Characteristics and outcome of patients with acute myeloid leukemia and trisomy 4

Sabine Kayser, David Martínez-Cuadrón, Maher Hanoun, Friedrich Stölzel, Cristina Gil, H. Christian Reinhardt, Eliana Aguiar, Kerstin Schäfer-Eckart, Juan Miguel Bergua Burgues, Björn Steffen, Teresa Bernal, Stefan W. Krause, Rosalía Riaza, Christoph Schliemann, Jose Cervera, Martin Kaufmann, Laura Torres-Miñana, Mathias Hänel, Evelyn Acuña-Cruz, Edgar JostJesus Lorenzo Algarra, Martina Crysandt, Lars Fransecky, Javier Cornago-Navascues, Sabrina Kraus, Joaquin Martinez-Lopez, Hermann Einsele, Dirk Niemann, Andreas Neubauer, Ruth Seggewiss-Bernhardt, Sebastian Scholl, Stefan A. Klein, Christoph Schmid, Markus Schaich, Martin Schmidt-Hieber, Sven Zukunft, Anthony D. Ho, Uwe Platzbecker, Claudia D. Baldus, Carsten Müller-Tidow, Christian Thiede, Martin Bornhäuser, Hubert Serve, Mark J. Levis, Pau Montesinos, Christoph Röllig, Richard F. Schlenk

Research output: Contribution to journalArticlepeer-review


We retrospectively studied 125 patients with acute myeloid leukemia and trisomy 4 (median age at diagnosis, 58 years; range, 16-77 years) treated between 2000 and 2019 within a multicenter study. Trisomy 4 was the sole abnormality in 28 (22%) patients and additional abnormalities were present in 97 (78%) patients. Twenty-two (22%) and 15 (15%) of 101 tested patients harbored NPM1 and FLT3-ITD mutations. Two (3%) of 72 tested patients had double CEBPA mutations. Data on response to intensive anthracycline-based induction therapy were available for 119 patients. Complete remission was achieved in 67% (n=80) and the early death rate was 5% (n=6). Notably, patients with trisomy 4 as sole abnormality had a complete remission rate of 89%. Allogeneic hematopoietic cell transplantation was performed in 40 (34%) patients, of whom 19 were transplanted in first complete remission. The median follow-up of the intensively treated cohort was 5.76 years (95% confidence interval [95% CI]: 2.99-7.61 years). The 5-year overall survival and relapse-free survival rates were 30% (95% CI: 22-41%) and 27% (95% CI: 18-41%), respectively. An Andersen-Gill regression model on overall survival revealed that favorable-risk according to the European LeukemiaNet classification (hazard ratio [HR]=0.34; P=0.006) and trisomy 4 as sole abnormality (HR=0.41; P=0.01) were favorable factors, whereas age with a difference of 10 years (HR=1.15; P=0.11), female gender (HR=0.74; P=0.20) and allogeneic hematopoietic cell transplantation (HR=0.64; P=0.14) did not have an significant impact. In our cohort, patients with trisomy 4 as their sole abnormality had a high complete remission rate and favorable clinical outcome. Allogeneic hematopoietic cell transplantation did not seem to improve overall survival.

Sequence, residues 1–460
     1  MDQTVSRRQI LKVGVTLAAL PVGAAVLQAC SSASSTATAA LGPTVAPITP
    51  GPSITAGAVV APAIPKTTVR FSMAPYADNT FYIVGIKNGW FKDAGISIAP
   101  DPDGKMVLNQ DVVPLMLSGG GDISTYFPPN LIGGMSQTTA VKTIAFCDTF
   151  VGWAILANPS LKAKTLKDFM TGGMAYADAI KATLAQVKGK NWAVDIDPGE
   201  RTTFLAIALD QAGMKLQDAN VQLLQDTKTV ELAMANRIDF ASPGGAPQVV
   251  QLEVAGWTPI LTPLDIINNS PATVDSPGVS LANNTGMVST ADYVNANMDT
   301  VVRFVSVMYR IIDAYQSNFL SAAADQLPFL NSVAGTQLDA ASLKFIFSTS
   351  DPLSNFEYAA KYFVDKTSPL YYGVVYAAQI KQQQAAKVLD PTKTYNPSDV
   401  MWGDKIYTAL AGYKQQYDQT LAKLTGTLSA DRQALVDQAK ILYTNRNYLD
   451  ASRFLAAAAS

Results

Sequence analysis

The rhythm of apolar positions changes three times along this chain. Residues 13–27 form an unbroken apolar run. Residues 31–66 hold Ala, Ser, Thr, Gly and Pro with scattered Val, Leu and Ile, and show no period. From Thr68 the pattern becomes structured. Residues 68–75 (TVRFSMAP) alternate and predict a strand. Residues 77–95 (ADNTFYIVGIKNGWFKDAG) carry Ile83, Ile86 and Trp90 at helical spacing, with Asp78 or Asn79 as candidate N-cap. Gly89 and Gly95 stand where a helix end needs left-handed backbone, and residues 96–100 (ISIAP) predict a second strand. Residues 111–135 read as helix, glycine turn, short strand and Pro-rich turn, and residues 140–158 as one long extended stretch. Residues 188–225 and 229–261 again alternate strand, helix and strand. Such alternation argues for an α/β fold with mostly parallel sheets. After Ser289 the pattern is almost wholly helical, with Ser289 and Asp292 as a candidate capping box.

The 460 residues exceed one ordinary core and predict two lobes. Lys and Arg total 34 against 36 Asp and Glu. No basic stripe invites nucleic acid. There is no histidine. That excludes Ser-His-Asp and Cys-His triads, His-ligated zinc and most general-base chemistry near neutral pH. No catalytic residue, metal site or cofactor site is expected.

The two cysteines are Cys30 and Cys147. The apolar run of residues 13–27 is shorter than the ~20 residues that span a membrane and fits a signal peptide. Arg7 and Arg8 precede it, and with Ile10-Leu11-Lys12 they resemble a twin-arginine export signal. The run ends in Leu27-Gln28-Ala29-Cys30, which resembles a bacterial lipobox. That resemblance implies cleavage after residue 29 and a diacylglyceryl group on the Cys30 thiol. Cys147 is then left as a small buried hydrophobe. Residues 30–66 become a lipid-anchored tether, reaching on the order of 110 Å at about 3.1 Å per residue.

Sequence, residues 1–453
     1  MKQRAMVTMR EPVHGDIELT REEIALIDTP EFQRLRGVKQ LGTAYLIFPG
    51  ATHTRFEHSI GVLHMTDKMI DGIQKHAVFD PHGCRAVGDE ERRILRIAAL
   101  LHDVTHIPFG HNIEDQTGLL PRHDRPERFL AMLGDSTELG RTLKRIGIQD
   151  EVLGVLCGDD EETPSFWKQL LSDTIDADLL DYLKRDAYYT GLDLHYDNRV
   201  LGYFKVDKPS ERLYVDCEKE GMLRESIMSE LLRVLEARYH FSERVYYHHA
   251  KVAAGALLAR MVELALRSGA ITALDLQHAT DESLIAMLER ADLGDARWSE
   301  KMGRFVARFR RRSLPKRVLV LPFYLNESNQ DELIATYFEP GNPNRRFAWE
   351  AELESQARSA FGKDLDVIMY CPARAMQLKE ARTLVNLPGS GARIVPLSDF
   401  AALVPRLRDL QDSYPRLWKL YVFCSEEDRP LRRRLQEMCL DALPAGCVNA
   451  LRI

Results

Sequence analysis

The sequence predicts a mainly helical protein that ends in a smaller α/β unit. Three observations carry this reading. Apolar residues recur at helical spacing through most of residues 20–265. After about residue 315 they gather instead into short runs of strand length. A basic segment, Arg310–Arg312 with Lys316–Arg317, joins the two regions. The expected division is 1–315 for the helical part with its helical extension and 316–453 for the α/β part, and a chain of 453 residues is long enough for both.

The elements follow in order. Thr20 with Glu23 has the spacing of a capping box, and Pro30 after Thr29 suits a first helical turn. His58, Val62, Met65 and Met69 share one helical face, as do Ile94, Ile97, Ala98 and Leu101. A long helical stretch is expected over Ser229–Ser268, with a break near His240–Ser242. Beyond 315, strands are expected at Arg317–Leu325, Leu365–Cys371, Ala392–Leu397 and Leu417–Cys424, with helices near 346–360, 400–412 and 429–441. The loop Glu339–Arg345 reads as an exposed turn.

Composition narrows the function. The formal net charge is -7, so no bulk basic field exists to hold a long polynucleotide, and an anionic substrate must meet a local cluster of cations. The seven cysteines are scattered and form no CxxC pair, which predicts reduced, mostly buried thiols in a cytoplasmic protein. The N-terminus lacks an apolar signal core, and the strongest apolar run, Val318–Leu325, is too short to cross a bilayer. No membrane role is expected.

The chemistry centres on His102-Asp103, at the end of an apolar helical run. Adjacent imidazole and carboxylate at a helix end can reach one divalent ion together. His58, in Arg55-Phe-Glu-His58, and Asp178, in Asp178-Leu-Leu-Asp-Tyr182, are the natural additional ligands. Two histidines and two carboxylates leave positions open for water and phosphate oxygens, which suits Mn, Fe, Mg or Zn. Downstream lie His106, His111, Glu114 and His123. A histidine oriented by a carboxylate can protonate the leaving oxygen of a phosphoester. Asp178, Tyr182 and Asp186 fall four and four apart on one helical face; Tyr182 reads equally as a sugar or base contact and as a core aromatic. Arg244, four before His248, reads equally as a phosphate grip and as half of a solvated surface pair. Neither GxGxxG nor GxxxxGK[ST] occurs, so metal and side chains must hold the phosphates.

Original languageEnglish (US)
Pages (from-to)34-41
Number of pages8
Issue number1
StatePublished - Jan 2023

ASJC Scopus subject areas

  • Hematology


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